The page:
The Waitaki District Council is going to subsidise cloth napkins in an effort to cut down the amount of disposable nappies going into council landfills.
Solid waste officer Gerry O’Neill last week said that over a 12-month period, starting on October 22, new parents in the district would be offered cloth-nappy starter packs at a heavily discounted price.
“We have managed to secure a really good deal with four different suppliers, and when combined with a subsidy from the council, parents will be able to buy a cloth-nappy starter pack valued at more than $100 for just $10,” he said.
The council had more than 12 tonnes of nappies and sanitary waste going to the Oamaru landfill every week.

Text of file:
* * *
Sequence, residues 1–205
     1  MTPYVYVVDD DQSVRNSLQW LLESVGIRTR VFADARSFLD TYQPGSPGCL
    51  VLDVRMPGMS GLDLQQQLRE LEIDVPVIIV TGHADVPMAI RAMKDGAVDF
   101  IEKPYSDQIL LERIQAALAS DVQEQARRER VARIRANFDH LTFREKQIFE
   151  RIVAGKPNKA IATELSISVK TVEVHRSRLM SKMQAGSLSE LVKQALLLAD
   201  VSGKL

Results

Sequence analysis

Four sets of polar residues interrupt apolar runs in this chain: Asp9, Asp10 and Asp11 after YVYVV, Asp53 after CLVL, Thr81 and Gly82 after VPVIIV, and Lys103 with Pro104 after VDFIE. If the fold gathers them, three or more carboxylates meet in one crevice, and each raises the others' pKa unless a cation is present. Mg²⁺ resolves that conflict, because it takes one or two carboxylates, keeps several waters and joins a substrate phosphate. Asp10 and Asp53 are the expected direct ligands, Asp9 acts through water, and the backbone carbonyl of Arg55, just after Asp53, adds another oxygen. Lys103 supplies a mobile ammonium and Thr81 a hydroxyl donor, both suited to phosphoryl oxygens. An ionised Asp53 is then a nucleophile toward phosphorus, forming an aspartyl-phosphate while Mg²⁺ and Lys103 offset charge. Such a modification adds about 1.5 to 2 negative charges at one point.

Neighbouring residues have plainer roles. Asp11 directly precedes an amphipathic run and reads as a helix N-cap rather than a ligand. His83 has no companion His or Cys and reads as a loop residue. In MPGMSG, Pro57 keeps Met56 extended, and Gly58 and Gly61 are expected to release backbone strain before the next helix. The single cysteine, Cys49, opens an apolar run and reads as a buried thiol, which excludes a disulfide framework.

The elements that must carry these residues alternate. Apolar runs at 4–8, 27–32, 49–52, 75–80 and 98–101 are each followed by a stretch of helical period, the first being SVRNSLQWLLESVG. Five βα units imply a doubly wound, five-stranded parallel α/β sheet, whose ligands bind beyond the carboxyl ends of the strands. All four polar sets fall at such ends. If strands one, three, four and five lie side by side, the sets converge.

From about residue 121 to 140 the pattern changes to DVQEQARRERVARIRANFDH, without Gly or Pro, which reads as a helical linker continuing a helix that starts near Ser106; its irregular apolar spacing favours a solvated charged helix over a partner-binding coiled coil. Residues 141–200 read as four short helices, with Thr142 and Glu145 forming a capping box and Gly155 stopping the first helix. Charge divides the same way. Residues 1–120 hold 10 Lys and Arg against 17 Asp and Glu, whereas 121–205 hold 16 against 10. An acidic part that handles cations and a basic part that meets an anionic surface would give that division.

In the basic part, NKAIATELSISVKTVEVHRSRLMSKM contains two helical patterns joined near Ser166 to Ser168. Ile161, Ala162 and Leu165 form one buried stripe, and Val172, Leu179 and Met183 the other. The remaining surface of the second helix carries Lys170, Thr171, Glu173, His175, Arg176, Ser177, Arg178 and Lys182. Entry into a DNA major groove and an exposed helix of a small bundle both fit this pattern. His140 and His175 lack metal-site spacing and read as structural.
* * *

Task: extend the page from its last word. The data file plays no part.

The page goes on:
Any measure that reduced that was worthwhile in helping extend the life of the landfill and reducing its operation costs.
Let’s start by giving them points for talking about parents and not just mothers who usually get saddled with anything to do with napkins.
Let’s also acknowledge that waste reduction is a worthy aim.
But that isn’t enough to stop me thinking something about this nappy subsidy smells a bit iffy.
It sounds good in theory but will it work in practice?
Just $10 isn’t a big investment in cloth nappies. That should ensure a reasonable uptake, but who’s going to make sure they get used even some of the time?
What’s to stop someone buying a starter pack and selling the nappies. Anything more than $10 would be a profit for the seller and a bargain for the buyer.
Twelve tonnes of nappies and sanitary waste sounds like a lot. But what sort of reduction will this subsidy result in and at what cost to the ratepayer?
I wonder if the council looked at the option of composting instead which Envirocomp appears to do successfully?